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Addicted parents put children at risk

Editor's Viewpoint

We tend to think of alcoholics as people sitting at the side of the street clutching an empty wine bottle and begging for money. That is one image of the problem, but there is another even more depressing picture, as the NSPCC reminds us this week with its campaign around Children of Alcoholics.

In the past three years the charity has received around 450 calls alerting it to instances where children were in homes where adults were abusing drugs and/or alcohol. While it is a concern that children may be raised in a family where one or both parents are abusing substances, it is also positive that friends or neighbours are sufficiently motivated to raise the alarm and nip the problem in the bud.

In spite of its widespread occurrence, drug abuse is still regarded as beyond the pale by most people, especially if the substances are taken in the presence of children or while in control of children.

But the messages are not so clear cut when it comes to alcohol. Indeed, many people make a point of drinking in front of their children to educate them that drink is not necessarily an evil and can be enjoyed if taken responsibly.

However, the subtlety of the message can be lost on children who may also see parents over-imbibing on occasion. Is that just good fun - or a concern? That is an impossible judgment for a child to make.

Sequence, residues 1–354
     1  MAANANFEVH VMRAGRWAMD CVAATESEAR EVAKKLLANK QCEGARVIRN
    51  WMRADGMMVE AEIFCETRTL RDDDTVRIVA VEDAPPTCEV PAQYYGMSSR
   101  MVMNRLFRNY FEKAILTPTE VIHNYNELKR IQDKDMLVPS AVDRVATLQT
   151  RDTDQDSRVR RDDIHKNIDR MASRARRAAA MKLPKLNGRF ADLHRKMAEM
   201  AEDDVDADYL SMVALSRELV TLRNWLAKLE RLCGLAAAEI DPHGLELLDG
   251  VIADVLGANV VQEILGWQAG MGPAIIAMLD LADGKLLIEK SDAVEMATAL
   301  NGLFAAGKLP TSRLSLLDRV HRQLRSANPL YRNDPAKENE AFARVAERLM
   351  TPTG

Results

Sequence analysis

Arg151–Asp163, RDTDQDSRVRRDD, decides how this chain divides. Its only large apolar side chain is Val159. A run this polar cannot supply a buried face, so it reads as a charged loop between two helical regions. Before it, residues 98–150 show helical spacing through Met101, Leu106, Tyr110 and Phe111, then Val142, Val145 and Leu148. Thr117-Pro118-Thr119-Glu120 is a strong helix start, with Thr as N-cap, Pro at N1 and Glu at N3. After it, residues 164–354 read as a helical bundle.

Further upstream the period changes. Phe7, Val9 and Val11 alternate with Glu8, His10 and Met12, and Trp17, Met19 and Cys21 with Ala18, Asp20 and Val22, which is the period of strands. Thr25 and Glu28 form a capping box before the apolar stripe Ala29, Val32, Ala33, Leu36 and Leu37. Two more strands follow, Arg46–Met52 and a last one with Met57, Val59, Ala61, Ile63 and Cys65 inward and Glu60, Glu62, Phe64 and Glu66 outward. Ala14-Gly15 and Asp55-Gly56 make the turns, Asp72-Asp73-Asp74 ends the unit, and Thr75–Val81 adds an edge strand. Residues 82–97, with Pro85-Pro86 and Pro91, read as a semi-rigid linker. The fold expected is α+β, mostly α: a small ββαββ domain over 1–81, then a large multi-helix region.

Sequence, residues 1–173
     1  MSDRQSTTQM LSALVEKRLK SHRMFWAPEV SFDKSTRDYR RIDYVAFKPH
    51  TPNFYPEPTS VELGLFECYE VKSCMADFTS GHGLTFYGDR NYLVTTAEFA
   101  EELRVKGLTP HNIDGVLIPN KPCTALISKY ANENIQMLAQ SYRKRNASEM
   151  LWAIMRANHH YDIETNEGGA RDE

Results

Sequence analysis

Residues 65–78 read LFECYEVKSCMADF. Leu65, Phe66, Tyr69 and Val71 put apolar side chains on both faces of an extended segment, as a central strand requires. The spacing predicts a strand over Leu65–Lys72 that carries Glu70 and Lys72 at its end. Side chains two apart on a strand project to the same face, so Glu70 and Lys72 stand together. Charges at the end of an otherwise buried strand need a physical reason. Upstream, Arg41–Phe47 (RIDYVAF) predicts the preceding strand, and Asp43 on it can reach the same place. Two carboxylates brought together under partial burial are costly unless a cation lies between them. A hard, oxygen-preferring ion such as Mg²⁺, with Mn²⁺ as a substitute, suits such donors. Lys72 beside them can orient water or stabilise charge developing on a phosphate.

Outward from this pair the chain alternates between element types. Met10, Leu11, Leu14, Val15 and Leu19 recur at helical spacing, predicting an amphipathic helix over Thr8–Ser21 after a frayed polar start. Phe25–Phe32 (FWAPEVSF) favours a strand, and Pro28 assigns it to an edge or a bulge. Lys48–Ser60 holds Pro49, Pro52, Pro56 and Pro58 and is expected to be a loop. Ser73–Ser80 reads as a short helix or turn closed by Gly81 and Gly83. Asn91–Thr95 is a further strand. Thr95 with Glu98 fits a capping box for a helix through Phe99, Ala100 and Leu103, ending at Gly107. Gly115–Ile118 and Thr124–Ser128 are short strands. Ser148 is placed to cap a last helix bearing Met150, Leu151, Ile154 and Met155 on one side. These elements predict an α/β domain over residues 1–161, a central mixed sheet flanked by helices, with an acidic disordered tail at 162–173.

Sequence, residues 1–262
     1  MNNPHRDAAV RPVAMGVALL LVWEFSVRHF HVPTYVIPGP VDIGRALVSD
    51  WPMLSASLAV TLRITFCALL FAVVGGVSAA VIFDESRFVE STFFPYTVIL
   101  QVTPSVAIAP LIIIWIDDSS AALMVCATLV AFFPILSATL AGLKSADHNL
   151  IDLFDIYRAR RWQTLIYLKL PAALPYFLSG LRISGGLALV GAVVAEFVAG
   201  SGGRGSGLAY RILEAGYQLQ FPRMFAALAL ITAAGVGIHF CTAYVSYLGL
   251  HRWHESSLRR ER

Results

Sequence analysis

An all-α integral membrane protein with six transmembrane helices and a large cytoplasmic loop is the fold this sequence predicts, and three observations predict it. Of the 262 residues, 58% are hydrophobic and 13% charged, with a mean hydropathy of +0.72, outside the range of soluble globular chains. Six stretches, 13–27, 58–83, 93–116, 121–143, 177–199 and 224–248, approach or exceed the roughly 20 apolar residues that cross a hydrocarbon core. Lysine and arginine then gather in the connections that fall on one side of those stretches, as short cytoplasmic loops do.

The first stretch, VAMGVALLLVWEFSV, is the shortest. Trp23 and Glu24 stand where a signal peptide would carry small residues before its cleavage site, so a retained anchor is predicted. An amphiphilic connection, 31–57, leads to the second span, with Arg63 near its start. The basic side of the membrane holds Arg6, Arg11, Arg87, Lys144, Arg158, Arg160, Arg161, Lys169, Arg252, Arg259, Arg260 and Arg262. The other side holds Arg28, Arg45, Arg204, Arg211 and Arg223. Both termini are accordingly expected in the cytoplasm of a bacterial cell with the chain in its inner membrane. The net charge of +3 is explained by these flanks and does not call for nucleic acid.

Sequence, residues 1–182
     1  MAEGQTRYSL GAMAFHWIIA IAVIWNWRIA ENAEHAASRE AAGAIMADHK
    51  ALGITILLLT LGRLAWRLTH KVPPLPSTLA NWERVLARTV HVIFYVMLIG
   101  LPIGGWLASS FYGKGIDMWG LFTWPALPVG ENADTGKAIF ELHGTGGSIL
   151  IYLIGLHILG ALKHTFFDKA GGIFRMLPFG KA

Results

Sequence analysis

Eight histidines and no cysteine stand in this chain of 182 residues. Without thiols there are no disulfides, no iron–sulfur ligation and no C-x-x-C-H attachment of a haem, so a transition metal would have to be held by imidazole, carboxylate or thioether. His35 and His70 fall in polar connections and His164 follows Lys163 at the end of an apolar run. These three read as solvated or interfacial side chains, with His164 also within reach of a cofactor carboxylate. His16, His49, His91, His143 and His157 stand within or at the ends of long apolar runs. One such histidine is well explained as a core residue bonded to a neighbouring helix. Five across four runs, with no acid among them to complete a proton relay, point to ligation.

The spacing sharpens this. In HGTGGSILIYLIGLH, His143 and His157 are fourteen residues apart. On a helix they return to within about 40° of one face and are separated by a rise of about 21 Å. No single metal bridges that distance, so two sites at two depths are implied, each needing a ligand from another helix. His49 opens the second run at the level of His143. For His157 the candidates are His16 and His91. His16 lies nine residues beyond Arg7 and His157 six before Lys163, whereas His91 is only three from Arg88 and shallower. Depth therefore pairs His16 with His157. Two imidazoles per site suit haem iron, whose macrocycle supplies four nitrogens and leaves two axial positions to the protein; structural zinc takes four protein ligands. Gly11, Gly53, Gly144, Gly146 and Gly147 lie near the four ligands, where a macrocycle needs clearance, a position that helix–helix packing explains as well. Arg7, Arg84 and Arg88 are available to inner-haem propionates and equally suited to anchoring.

We also on occasion almost venerate alcoholics such as George Best or his modern equivalent, Paul Gascoigne. Both men fell prey to drink - it killed George and there are serious concerns about the health of Paul.

Alcohol can be as addictive and as deadly as any narcotic and certainly any parent in its grip cannot be expected to act responsibly.

We have often heard the plaintive stories of relatives of alcoholics who tried everything to help them kick their addiction without any success. They found themselves at a loss on what to do next, how to stop someone they loved killing themselves.

We have also heard how the addiction was so powerful that the addicts threw all the love of their relatives and friends back in their face when craving that next drink.

How confusing it must be for children to see parents go from normality to drunkenness or drugged stupor where their children's welfare is of little importance.

Hopefully, there will be someone to make that call for help when children find themselves in that position.

Belfast Telegraph

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